Seven years ago, on Thanksgiving Monday, I drove home after holding my father’s hand. He took his last body-shaking breath, and just like that, he left his earthly body. 

Grief is an unpredictable thing. It’s a bit like the ogre analogy from Shrek, the one about the onion? It seems the sadness can be healed, but underneath each layer is another with a story that’s been waiting for its turn to appear. Just when I think that I’ve got it mastered, osmosis kicks in and I’ll find myself with oniony tears stinging my eyes. 

I spent this past Thanksgiving with my in-laws and most of that time with my father-in-law. It felt comforting to have conversation with people who are more grown up than I, and to be honest, I hadn’t given a lot of energy to this (un)anniversary, until I leaned in and hugged Pa (the name that has lovingly been given to my children’s grandfather) goodbye, catching a whiff of that Old Spicey scent.

Smells are like the powerhouse of memories…the times, all of the times my dad kissed me on the cheek and scrubbed my face with his whiskery beard…they all found me. Though, it’s a bit of a relief knowing that something as simple as a sniff can dig up some of the oldest memories because then I know he’s not entirely gone. 

Seasonal Thanks,


Running From The Bear

Running From The Bear

Sometimes I feel like I’m running from a bear… the ominous term my partner and I use to refer to the burden of stress.

We are all familiar with the bear; maybe it visits you in the thumping of your heart, or the cyclical thoughts that keep you awake at night. However it visits, the bear encompasses our fear of failure, of not being enough, of not doing enough, of not being respected.

The bear is anxiety and sadness and unhealed trauma. It keeps us from caring for ourselves and of course, from providing helpful care for each other. It’s very difficult to love someone else properly, while our own cup is empty. It’s the reason we can find ourselves leaching our needed energy from the people we love, draining them of their resources. It’s the reason we over-eat, drink, and drown our sorrows in Netflix and 2X4 screens only to turn around and see that the bear has doubled in size and strength. It’s a culture-wide issue.

Here is what I have learned…I can only minimize the bear, with self care.

For me, that typically follows a levelling up system that looks something like this….(Mamaslow’s Hierarchy of Needs?)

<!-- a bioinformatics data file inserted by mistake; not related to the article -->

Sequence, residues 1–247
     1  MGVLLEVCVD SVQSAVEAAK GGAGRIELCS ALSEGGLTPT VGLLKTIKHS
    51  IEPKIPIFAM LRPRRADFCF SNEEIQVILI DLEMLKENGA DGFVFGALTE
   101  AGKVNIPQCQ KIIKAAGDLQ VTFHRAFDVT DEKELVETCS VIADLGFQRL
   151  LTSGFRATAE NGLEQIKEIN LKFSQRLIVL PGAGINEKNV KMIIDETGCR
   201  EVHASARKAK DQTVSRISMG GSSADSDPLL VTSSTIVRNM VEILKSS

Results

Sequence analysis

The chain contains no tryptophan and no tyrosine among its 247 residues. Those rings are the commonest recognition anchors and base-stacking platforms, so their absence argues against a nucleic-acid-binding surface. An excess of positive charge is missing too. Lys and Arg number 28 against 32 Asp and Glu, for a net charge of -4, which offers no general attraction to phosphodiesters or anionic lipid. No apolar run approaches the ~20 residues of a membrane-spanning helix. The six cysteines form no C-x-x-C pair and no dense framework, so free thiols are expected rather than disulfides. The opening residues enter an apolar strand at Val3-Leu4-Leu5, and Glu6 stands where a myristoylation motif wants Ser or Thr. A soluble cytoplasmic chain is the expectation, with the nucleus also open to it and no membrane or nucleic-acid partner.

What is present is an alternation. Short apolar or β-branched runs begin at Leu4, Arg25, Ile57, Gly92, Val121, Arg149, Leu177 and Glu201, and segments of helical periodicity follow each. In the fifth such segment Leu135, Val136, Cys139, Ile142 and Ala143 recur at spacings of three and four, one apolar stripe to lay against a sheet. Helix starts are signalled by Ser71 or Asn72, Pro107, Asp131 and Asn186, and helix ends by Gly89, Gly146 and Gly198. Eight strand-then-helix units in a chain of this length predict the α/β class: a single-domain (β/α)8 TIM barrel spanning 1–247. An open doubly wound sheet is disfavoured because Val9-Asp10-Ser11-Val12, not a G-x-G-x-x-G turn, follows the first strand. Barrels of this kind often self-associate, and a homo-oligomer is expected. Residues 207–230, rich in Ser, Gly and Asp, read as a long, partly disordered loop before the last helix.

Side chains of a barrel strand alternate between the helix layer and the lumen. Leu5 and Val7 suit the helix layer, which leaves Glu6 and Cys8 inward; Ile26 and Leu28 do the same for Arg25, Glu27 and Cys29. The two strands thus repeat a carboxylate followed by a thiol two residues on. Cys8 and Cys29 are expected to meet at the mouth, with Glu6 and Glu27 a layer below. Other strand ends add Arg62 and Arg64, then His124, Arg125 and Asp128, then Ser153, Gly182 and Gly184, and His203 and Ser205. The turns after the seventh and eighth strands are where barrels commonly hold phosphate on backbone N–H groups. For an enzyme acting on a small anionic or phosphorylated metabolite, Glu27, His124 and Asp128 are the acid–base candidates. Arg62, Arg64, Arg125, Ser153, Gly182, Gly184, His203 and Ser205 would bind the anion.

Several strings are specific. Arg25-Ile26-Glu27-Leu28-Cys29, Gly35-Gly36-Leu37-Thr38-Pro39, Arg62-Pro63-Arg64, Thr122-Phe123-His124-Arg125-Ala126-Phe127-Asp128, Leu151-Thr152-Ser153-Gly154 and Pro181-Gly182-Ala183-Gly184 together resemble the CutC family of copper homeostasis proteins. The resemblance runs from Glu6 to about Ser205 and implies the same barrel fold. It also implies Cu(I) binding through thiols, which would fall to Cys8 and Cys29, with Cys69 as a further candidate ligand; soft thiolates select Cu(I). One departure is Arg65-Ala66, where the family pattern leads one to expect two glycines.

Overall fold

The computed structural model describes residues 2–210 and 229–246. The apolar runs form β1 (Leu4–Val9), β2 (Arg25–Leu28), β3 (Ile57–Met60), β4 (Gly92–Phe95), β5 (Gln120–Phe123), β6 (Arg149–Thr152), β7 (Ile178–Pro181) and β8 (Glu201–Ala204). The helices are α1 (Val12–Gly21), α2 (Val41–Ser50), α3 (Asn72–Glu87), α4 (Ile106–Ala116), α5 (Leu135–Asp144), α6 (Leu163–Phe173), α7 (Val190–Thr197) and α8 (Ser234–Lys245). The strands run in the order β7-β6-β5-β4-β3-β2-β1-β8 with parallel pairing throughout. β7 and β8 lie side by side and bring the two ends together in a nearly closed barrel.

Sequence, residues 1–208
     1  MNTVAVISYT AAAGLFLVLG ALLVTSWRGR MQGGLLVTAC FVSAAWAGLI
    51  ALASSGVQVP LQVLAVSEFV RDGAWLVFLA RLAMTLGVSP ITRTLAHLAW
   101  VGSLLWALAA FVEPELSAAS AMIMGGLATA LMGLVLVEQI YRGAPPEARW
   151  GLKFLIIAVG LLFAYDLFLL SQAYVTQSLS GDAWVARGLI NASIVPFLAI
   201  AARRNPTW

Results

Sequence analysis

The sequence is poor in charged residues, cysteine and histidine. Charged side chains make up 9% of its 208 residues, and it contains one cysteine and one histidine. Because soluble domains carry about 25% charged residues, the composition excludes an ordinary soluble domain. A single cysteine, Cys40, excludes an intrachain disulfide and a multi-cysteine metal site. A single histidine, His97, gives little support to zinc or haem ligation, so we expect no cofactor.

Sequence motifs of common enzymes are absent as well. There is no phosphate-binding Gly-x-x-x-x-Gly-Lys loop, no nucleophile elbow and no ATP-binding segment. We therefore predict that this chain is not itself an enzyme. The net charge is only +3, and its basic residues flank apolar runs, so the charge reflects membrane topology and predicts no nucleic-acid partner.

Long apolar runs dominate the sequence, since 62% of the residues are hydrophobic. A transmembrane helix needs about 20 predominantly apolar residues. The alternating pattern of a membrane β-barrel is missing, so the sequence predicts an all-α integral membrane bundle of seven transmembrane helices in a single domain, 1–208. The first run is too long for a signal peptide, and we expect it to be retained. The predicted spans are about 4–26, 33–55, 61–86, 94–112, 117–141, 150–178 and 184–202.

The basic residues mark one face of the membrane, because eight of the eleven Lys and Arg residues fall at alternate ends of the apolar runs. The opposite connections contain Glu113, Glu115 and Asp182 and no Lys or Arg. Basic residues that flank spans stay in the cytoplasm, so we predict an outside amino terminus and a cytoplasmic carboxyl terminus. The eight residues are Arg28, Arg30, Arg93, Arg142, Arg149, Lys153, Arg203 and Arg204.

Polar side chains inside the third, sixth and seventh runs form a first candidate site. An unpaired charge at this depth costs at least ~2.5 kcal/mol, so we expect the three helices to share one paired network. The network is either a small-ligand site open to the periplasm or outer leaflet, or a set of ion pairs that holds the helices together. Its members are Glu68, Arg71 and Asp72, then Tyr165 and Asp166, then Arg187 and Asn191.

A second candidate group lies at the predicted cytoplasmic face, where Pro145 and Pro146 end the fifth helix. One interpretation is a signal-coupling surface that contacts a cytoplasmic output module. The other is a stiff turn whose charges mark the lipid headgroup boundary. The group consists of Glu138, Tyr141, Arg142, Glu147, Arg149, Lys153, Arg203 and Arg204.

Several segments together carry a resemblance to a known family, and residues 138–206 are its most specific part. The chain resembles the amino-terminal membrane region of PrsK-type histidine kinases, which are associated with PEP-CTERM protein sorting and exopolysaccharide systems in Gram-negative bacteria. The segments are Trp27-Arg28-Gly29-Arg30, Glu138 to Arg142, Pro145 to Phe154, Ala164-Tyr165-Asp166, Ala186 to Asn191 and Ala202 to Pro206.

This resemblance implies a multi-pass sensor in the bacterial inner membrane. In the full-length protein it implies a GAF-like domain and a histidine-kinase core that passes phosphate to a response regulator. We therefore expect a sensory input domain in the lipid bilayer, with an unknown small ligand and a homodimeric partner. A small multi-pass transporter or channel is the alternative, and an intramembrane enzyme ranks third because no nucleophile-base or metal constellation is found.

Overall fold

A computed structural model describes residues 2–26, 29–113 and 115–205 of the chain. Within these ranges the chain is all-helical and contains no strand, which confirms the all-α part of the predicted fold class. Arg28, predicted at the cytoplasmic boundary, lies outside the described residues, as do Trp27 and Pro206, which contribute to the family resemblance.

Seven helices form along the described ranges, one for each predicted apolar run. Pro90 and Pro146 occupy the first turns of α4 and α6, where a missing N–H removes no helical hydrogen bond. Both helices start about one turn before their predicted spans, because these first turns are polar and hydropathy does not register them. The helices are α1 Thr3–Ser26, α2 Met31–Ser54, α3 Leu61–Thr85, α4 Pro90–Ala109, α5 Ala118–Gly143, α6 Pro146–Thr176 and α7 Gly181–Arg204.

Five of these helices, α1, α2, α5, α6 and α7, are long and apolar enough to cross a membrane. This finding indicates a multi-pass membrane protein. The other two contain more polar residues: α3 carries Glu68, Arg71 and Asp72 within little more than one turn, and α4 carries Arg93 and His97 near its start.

Basic physical care…. showering, brushing teeth, combing hair, eating healthy food, adequate rest…

Once I’ve cared for my physical body, I can add in…

 Daily spiritual needs… a few minutes to myself, something interesting to read or learn, a few minutes of intentional movement, fresh air

And then I can work on more detail and routine…

 30 minutes of exercise, a course to expand my knowledge, meditation, an artistic project…Once I hit this level, I start to feel like I’m making progress. 

Most importantly, completing steps on my personal self-care checklist as though they are tasks to be ticked will give me the same sort of emptiness that comes from a household chore to-do list unless I complete them with  the right intention….that I, too, deserve to be cared for, and that these few moments will help me step into the real me. Before I know it, the bear is just large enough to drive me, but small enough for me to know peace. 

Take care,

Mother of Hays

Blue Shag Carpets and Sweet Memories

DSCN9718My childhood memories are simple. I can remember, before the age of five, being happy. I remember how in the 80s, we had a shaggy, royal blue carpet that was always clean. My mother cleaned our house endlessly, and my most vivid memory is spending the day along side her while the tv hummed in the background. I can remember the afternoon sun streaming in our westward windows and the shapes it left across our kitchen floor. I can remember feeling warm and safe; I knew I was loved. I knew what came next. I knew that later, there would be dinner at the coffee table together, just the two of us. I was 4.


Today, I am the mother to a 4 year old of my own. She is everything I wish I could be. She runs barefoot in the summer sun, collecting all things beautiful and interesting. She asks her own questions, and she gives me wise answers. She is so much cooler than I could ever be. She inspires me to be wild and free. She inspires me to let go of all that has ever held me back. She challenges me everyday to become more understanding, more patient, more open, more loving.


And then I remember that little girl sitting on the blue shag carpet, and I can’t help but think about my own mother, and how history has a notorious tendency of repeating itself; maybe not in every detail, but certainly in the grande scheme of things kinda way. Did I help her the way my WildFlower helps me? Did I challenge her the way I am challenged? Did she grow the way I am growing everyday?

 And my young daughter, will her memories be sweet and simple? Will she remember how she delighted in the small things? Will she someday wonder while looking at her own child, if she is doing all that she can? I can only hope that she will know the kind of love I know.